Just because talking points and world views are repeated, doesn’t mean they’re 110% objective.
Even the staunchest most vocal of Infinite critics discuss the controversies and negativity of the game alongside their desire to see the game improve for the better.
What’s constructive about everyone saying the same thing from the same perspective? It’s a place of discussion, so I’ll contribute to that discussion from my perspective.
I’ve played Devil’s Advocate and take that stance a lot for the sake of discussion, but I’m not even playing that role here. Most of what I stated was actually critical of the direction 343 had been taking and suggesting my own patronage to this game is time limited.
I’d say they haven’t had a great track record, but it’s barely been a good one at best.
However just because things have not been stellar overall doesn’t mean that every last aspect about every entry that 343 put out is bad. It’s imbecilic to accept the idea that just because “343i” is slapped on the box that every last bit of the games they released is 110% bad and -10% good.
Halo 4 was an awful step for Halo in terms of gameplay, sandbox, (arguably) art design, and focus shifts that favored trends over established mechanics. Graphically it was a marvel how impressive the visuals were for a late stage 360 title, the revamped Reach engine was probably the best engine used in a 343 title to date, and Spartan Ops was years ahead of the curve to what we’re seeing now represented in seasonal story telling.
MCC was an utter train wreck of a title multiplayer being solidly unplayable for the better part of a year upon launch, with graphical hiccups and even poor optimization causing some of the single player aspects to be unplayable as well. Fast forward and it’s one of the most robust and fleshed out collection of titles available to players, some titles reverted to their original glory through painstaking tweaks and others receiving modern overhauls alongside dev encouraged mod support. The MCC isn’t just a needed replacement for players who want to play older Halo titles after servers were shut off, it’s the best way to play them bar none.
Halo 5 was a tone deaf break from what made Halo Halo. Leaning heavier towards then modern tropes and forming monetization and gameplay around them alienating core fans in favor of attracting new ones. Making a visual mess that couldn’t decide whether it favored fidelity or stable FPS values, and introducing the weakest generic campaign to date. I can’t speak much to the positives of this title, but I credit H5 where it’s due in the department of a robust Forge mode, consistent and fulfilling updates, and a pronounced effort to right some wrongs such as a firefight mode (which wasn’t great) and an expanded customization suite.
These are obviously watered down talking points and we could go much deeper, but even though you know these games weren’t great to various degrees, surely you recognize there are good intrinsic aspects to them?
Vocal minority suggests that these unpopular ideas get some traction when it’s actually the opposite that’s happening.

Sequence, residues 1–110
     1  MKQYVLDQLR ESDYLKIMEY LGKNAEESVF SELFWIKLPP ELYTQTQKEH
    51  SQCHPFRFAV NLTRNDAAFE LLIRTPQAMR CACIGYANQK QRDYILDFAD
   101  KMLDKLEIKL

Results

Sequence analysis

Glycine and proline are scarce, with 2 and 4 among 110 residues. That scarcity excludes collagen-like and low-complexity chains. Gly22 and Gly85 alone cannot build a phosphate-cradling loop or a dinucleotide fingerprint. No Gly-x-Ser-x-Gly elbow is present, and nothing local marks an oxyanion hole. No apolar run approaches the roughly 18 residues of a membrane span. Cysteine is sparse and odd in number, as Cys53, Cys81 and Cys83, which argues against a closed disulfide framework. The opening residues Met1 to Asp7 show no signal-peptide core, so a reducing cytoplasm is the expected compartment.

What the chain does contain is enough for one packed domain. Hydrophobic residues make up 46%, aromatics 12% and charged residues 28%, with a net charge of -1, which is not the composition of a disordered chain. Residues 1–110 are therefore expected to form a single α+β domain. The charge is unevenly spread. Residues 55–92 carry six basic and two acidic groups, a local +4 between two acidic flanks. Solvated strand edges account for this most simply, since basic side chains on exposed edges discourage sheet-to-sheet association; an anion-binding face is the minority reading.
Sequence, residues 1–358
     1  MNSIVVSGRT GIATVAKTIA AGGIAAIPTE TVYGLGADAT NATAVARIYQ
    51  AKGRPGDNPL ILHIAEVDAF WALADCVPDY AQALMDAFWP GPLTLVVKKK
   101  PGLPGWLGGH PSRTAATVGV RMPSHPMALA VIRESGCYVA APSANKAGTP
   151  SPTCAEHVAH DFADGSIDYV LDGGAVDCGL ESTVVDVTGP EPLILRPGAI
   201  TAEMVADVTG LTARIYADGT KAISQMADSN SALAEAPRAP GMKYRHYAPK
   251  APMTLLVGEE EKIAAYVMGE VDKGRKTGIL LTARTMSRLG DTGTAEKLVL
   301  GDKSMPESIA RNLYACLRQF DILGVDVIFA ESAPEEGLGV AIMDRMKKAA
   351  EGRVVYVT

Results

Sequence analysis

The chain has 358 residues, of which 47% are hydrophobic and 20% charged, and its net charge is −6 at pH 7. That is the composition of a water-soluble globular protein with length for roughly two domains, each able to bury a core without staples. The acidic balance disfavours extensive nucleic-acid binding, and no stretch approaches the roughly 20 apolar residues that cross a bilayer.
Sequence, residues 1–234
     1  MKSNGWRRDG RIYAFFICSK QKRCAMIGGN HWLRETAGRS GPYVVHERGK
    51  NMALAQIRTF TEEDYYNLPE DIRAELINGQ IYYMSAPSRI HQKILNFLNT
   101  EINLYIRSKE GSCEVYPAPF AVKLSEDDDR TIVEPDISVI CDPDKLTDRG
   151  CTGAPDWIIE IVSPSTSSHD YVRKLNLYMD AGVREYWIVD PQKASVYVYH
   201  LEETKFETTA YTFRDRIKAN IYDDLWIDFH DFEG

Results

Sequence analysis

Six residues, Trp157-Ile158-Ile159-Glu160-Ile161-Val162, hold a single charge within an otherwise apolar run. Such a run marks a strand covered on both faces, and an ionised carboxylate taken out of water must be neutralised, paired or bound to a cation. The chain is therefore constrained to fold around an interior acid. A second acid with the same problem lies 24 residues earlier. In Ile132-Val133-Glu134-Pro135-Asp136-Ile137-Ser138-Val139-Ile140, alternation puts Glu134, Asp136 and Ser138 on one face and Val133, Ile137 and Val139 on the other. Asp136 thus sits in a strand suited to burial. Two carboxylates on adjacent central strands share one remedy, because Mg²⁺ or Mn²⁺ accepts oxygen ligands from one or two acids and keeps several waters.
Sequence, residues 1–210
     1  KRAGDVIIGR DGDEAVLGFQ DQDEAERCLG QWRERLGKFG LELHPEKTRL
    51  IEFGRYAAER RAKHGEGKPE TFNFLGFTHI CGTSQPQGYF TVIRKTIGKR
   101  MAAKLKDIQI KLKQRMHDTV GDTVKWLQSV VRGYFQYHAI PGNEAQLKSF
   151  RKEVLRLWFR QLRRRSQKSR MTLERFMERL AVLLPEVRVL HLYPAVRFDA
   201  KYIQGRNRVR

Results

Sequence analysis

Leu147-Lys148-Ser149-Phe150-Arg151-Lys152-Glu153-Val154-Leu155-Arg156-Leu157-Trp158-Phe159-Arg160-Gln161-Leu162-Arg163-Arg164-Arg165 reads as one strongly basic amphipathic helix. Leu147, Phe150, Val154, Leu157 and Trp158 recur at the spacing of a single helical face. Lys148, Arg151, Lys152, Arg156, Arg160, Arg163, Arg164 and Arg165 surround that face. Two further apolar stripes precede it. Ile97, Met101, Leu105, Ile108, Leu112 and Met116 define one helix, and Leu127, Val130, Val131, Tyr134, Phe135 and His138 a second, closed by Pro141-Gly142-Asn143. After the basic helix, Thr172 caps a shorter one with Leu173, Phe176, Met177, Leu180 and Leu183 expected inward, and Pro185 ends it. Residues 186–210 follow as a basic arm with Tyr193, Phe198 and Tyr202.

An overwhelming majority of the time people such as yourself often misconstrue/misunderstand and/or oversimplify/generalize (or worse, purposefully misrepresent) what the differing person is saying on the basis of drumming up divisiveness or vitriol rather than accept the reality that someone has a different position on the matter.
I’m in no way “incessantly defending the concept of F2P”. I’ll admit I like the idea of playing a game that I don’t have to pay for, especially at a time in my life where financially I don’t have a lot of scratch to spend on myself or my entertainment. I can’t spend $60 on a several new titles a year or even afford $15 a month. Occasional discounts/deals, F2P and already owned titles are what I lean towards to get my gaming fix, hell I recently sold off some appreciated items on Steam just to afford D2 Witch Queen because I won’t have any funds to put into gaming until August budget wise.
There are drawbacks, particularly in development of titles giving Devs/Publishers the idea that a subpar product can just be released and patched later that shouldn’t be ignored.
Monetization is a concept that is hit or miss, and honestly it’s rather esoteric across the board and even within games themselves. I could point out how a game gets it right, but also how that same game gets it wrong. Releasing a game incomplete is pretty unilaterally bad, but monetization can have so much nuance within a single title.
If this were true, then F2P wouldn’t be as pervasive as a trend as it is.
There’s a spectrum of examples of F2P titles that range from near perfect to abysmal failure much like there’s a spectrum of examples of P2P titles that range from near perfect to abysmal failure.
I mean honestly, this isn’t black and white. This entire discussion is various shades of gray.
I understand that you’re a staunch opponent to F2P, and I’m more so a middle ground/acceptor of it rather than a proponent opposite your stance. But calling someone a shill for a differing stance is just low my guy, especially when it doesn’t even fit the definition or the narrative. If you have a problem with what I’m saying, just discuss it rather than vilifying me personally. Contextually pointing out what you have an issue with can lead to some constructive discussion and a better understanding of each other’s stances even if we still don’t see eye to eye.